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Tuesday, 20 July 2010 14:11

How green are Golf courses?

Written by  Bilal Fazal
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Today, there is an increased awareness of environmental impacts of agriculture, with heavy criticisms made on the amount of inefficient water usage, as well as harmful pesticides, herbicides and fungicides used in farming. Many unsustainable farming methods are the source of eutrophication and soil degradation in the environment. On the other hand, farming is a necessity, and although it could be improved and made more sustainable, no one can say that we don't need farms.

However, many golf courses are currently coming under the same criticism; their construction may result in the destruction of wetlands and coastal habitats, and extensive pesticide and herbicide usage may cause eutrophication in water sources. The main problem however is the course's massive water consumption to keep the grass and trees green, and unlike farms, they are simply recreational.

Conversely, golf courses are sources of employment, and potentially, development. They may sometimes result in the protection of a species that take shelter in them. Additionally, the turf may help in filtering waste water.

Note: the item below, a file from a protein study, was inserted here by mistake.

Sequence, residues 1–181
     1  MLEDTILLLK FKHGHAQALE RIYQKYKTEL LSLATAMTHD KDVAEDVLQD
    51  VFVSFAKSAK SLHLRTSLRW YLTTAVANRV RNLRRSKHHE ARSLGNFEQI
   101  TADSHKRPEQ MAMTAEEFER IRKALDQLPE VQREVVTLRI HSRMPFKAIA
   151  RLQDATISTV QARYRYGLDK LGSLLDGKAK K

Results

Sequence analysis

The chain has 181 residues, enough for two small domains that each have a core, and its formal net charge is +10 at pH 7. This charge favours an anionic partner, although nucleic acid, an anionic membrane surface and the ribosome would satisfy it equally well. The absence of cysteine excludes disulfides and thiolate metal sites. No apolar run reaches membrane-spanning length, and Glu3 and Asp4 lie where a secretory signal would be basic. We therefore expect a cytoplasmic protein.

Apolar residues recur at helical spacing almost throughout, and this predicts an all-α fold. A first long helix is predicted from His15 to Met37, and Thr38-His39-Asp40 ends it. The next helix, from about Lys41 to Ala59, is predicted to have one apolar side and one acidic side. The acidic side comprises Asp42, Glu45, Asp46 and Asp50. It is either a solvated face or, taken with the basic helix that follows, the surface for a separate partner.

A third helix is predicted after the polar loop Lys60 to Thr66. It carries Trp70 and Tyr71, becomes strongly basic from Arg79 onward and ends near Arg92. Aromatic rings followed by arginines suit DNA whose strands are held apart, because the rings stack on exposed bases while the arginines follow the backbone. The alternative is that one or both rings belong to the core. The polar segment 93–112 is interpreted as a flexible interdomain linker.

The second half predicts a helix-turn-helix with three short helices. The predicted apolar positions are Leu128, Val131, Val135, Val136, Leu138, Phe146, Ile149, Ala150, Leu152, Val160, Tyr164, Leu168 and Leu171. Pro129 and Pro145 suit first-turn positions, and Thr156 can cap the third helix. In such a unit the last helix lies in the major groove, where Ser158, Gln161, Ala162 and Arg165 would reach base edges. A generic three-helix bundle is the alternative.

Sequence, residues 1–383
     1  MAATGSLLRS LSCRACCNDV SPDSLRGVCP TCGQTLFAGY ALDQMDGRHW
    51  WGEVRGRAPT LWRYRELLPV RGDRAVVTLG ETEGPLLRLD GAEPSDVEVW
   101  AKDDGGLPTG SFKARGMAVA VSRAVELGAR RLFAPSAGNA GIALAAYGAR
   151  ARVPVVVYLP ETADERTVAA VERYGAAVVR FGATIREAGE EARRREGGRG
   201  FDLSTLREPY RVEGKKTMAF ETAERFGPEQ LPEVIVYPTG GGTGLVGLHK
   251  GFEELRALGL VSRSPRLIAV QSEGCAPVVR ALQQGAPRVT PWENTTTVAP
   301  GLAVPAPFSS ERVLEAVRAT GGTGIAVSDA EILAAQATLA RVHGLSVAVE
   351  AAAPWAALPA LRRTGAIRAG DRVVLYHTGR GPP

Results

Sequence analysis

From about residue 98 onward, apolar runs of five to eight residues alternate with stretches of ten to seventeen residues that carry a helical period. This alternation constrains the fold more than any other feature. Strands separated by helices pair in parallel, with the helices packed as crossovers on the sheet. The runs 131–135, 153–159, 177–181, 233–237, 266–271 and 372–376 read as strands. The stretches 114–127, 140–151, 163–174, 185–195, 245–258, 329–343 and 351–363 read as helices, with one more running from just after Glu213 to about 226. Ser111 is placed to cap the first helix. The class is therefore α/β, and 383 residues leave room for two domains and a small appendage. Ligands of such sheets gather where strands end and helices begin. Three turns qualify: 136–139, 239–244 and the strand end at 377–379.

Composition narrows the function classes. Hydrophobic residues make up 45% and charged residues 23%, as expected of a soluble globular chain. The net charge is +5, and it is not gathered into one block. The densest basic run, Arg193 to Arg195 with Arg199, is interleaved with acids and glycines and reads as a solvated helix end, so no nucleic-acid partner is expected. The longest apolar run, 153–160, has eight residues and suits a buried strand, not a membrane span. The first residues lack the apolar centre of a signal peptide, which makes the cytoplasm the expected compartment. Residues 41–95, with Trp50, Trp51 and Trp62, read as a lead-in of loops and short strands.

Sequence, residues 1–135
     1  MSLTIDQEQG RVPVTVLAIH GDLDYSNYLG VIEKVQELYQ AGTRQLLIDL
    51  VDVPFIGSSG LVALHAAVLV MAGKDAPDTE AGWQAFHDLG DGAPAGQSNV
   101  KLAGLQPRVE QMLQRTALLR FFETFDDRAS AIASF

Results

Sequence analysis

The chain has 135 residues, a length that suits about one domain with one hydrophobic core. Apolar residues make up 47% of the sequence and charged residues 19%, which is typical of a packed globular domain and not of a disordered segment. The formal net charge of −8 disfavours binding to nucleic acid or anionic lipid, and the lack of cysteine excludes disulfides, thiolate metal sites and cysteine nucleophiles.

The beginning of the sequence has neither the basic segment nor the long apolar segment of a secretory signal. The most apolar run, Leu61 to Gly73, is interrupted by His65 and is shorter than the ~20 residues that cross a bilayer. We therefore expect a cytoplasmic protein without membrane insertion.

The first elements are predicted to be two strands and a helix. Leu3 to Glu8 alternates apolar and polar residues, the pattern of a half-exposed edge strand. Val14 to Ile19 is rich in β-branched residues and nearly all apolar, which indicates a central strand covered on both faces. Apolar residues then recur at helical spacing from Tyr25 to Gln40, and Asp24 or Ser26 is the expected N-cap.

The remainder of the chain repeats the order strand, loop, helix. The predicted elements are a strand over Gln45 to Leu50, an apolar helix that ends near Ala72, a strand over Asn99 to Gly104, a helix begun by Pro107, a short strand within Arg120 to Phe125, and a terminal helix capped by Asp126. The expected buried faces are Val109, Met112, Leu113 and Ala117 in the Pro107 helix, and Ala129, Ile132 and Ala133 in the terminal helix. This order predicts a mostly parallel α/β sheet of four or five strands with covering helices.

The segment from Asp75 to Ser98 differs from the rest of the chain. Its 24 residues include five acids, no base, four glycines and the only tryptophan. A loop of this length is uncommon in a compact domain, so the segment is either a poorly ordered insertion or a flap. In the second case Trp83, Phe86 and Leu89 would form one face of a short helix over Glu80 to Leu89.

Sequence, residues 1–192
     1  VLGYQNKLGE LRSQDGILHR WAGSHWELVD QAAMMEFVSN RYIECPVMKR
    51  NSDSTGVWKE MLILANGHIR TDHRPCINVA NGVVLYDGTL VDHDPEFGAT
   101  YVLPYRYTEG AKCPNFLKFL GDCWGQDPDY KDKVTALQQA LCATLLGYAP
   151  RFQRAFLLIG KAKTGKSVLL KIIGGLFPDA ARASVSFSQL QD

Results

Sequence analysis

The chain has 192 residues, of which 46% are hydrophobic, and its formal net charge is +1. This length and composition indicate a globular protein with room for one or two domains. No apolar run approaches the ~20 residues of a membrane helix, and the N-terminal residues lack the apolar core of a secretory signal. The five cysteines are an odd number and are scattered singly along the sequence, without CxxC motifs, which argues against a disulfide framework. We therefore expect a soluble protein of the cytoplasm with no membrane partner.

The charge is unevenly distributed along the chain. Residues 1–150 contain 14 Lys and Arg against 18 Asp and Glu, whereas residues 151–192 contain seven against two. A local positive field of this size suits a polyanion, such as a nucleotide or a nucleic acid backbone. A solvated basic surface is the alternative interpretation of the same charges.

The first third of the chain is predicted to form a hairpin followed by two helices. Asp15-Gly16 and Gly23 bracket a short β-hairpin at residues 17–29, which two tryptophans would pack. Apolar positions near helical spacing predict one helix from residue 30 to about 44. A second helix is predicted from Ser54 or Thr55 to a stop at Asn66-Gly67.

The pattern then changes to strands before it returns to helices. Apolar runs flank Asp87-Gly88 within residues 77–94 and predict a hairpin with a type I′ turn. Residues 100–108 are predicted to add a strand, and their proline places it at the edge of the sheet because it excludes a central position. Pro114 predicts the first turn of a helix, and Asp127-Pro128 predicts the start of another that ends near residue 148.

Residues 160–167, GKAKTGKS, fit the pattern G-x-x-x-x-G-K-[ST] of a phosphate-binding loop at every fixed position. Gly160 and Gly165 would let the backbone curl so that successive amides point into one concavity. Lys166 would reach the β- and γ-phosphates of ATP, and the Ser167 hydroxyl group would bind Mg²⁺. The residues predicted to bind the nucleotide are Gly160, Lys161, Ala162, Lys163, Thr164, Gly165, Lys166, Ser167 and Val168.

With increased environmental awareness however, some of those golf courses are trying to improve to meet the higher standards of today's environment conscious world. New courses are also being designed with environmental impacts in mind. There are some courses that have banned the use of pesticides and herbicides, and are attempting to improve their environmental sustainability. These include courses such as Kabi Golf Course in Australia.

So those of us who love golf, check up on which courses you are going to, are they taking the right steps to minimize the harmful impact on the environment, or continuing to damage the environment? What are their negative and positive effects, and how do they compare. As travellers responsible for our actions, we may want to think twice; the grass may be greener all around you on a golf course, but is it really green?


Last modified on Friday, 19 April 2013 23:55

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